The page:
In Arizona, Trump Shows He Can't and Won't Be President

On Monday night, after President Donald J. Trump delivered a speech on Afghanistan, Philip Rucker, the Washington Post’s bureau chief for the White House, wrote on Twitter that he saw in that address “a new President Trump: Acknowledging a flip-flop and talking about gravity of office, history & substance.” Here was the long-awaited pivot to presidential behavior many had sought from Trump.

Then came Tuesday.

On Tuesday evening, Trump came to Phoenix, Arizona, for a campaign rally, disregarding the calls by many—including that city’s mayor, Greg Stanton—to stay away. Speaking for more than an hour to a large and friendly crowd, Trump complained about the media, taunted liberal protesters and maligned Arizona’s two senators, both of whom are Republicans. In place of compassion, he showed selfishness. In place of seriousness, petulance. 

In doing so, Trump proved definitively that he has no interest in being presidential, and that while he enjoys the spectacle that is the campaign trail, he has little use for the trappings of the presidency itself. As with previous “pivots,” this one lasted all of 24 hours.

Trump wanted the blazing Southwestern sun to dispel the gloom that has settled over his presidency, largely because of Trump’s own lack of discipline. His troubling response to the extremist violence in Charlottesville, Virginia, which claimed three lives, led to denunciations by congressional Republicans and the dissolution of corporate advisory councils. Supporters feared that the Phoenix rally would only further inflame tensions, in particular if he pardoned former Maricopa County Sheriff Joe Arpaio, who’d recently been convicted of contempt of court charges, stemming from policing practices that were deemed discriminatory of Latinos.

Trump didn’t pardon Arpaio, though he strongly suggested he would do so shortly. But he also showed no willingness to unite the nation or offer the kind of healing message one expects from the president at a time of tragedy. Instead, he railed against the “truly dishonest people” in the media, who he said misrepresented his three statements on Charlottesville, two of which suggested leftists counter-protesters were as responsible as white nationalists for the violence that took place there last weekend.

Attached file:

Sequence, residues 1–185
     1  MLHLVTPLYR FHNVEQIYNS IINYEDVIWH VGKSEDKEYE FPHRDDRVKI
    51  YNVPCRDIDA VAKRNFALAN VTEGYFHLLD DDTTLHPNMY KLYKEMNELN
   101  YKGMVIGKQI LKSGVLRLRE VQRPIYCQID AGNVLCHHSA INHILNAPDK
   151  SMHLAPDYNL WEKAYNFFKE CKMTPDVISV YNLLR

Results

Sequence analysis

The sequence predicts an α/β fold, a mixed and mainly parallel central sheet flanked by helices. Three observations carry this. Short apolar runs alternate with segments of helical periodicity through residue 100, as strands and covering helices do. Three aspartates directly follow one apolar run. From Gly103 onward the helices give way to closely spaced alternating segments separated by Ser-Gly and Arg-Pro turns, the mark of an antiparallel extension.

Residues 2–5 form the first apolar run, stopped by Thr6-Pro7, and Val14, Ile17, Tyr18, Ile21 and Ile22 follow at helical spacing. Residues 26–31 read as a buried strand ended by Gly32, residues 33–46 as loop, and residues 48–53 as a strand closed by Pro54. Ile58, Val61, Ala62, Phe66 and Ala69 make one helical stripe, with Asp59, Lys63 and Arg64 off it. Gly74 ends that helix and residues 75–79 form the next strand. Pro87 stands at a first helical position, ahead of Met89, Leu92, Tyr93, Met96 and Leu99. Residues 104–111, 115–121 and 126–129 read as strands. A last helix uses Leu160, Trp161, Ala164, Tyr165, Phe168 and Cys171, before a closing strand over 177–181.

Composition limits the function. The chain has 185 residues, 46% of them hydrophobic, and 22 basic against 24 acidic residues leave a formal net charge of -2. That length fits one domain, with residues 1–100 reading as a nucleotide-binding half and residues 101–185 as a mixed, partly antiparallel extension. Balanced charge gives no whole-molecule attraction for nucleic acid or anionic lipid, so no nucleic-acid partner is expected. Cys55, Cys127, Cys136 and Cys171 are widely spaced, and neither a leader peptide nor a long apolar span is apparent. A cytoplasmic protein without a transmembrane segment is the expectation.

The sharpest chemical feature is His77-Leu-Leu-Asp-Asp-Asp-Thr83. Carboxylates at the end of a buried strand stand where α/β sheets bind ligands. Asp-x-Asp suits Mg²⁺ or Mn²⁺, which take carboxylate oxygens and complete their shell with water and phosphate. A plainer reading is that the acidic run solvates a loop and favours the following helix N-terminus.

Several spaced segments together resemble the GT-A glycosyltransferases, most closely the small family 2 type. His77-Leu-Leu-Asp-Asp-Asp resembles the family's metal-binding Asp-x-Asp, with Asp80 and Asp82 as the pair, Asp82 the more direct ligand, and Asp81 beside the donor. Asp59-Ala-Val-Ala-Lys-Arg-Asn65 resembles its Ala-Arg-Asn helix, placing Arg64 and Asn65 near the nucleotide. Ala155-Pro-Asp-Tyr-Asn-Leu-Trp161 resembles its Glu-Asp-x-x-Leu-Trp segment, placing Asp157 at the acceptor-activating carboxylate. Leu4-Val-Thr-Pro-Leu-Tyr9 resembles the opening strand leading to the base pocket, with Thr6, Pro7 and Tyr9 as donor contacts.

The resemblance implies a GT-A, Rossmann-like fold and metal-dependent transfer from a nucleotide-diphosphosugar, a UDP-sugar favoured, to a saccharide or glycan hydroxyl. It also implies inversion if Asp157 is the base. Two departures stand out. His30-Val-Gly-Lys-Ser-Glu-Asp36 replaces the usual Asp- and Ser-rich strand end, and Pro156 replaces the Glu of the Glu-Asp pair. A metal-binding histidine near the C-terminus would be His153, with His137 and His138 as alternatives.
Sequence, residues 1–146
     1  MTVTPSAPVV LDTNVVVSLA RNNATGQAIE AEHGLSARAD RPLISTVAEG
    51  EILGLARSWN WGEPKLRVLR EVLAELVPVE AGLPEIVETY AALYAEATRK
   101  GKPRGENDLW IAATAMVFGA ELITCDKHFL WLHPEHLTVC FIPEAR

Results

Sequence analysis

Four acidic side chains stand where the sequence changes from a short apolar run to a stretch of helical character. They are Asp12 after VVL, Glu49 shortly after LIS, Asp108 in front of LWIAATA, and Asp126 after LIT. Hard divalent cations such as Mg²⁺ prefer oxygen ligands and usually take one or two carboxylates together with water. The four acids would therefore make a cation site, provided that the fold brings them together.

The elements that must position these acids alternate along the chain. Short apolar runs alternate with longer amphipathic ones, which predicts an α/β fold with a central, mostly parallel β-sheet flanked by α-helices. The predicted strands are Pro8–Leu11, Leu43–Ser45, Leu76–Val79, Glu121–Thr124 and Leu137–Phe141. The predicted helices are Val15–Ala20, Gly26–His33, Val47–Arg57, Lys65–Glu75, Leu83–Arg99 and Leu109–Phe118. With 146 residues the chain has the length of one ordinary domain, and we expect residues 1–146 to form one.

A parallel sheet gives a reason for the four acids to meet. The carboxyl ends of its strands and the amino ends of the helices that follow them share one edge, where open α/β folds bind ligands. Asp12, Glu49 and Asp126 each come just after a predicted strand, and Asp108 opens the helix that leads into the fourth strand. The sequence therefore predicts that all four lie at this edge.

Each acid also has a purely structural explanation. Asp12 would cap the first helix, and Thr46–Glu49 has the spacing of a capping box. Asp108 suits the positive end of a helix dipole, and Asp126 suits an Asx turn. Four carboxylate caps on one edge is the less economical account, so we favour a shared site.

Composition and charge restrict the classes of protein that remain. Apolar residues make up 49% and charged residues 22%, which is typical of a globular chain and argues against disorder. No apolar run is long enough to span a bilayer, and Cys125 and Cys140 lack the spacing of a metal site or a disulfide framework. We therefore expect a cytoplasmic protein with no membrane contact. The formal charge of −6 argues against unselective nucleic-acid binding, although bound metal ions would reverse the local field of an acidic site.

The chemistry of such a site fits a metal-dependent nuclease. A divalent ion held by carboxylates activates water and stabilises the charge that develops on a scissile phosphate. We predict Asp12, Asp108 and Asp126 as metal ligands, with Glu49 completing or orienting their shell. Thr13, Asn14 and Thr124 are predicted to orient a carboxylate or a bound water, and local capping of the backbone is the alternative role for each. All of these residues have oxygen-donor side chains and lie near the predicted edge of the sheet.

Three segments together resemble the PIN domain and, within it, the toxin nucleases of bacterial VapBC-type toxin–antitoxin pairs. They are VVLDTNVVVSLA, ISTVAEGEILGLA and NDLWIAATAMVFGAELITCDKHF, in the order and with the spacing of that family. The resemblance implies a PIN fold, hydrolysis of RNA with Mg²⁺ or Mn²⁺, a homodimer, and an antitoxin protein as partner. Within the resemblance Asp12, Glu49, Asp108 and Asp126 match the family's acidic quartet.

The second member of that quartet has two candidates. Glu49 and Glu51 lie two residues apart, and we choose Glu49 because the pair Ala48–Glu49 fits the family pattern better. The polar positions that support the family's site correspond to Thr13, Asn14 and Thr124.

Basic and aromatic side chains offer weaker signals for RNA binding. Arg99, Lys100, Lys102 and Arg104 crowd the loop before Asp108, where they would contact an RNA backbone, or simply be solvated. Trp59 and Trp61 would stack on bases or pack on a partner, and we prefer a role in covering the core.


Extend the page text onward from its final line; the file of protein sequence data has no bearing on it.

Trump also noted that he has a residence in Charlottesville.

Speaking about Charlottesville at length, Trump showed little solemnity, nor any evident understanding of how deeply that event has shaken the nation. His primary concern was the media’s treatment of Trump himself. He lamented CNN’s firing of Jeffrey Lord, a conservative commentator who’d used a Nazi slogan on Twitter. Only later, and in passing, did the president mention Heather Heyer, the young woman killed by a white nationalist in Charlottesville.

And while a campaign rally is by definition a nakedly political event, it’s hard to imagine another sitting president engaging in such unseemly, divisive rhetoric. At one point, he had the crowd chanting “CNN sucks,” to his obvious pleasure. 

“I think we’re the elite, they’re not the elite,” he said during the extended anti-media diatribe. He also claimed that he “went to better schools than they did” and mocked ABC News host George Stephanopoulos for his diminutive size. The president complained that cameras had been turned off during his speech. That was not true.

While the rally may have heartened Trump's base, it could not have done much to expand his support. Trump has apparently come to believe that he can win reelection by solely appealing to disenfranchised working-class whites. This is a view shared by his chief political strategist, Stephen K. Bannon, who left his post at the White House last week.

“They are trying to take away our history and our heritage,” Trump said, clearly indicating that his sympathies lay with those who want Confederate statuary preserved. He also promised to “recapture our dynasty,” a vague phrase that could be interpreted as having white nationalist overtones.

Despite his denunciations of the media, the Republican establishment and other supposed members of the ruling elite, Trump returns to Washington this week an increasingly isolated figure, with virtually no accomplishments to his name and little interest in crafting the kinds of compromises that might give him desperately sought “wins.”

“Not my president,” went the cry of the anti-Trump resistance in the days following his election last November. Increasingly, Trump seems to agree. While he is happy pandering to his base with nativist rhetoric and racial grievance, governing all Americans just isn't his thing.
 

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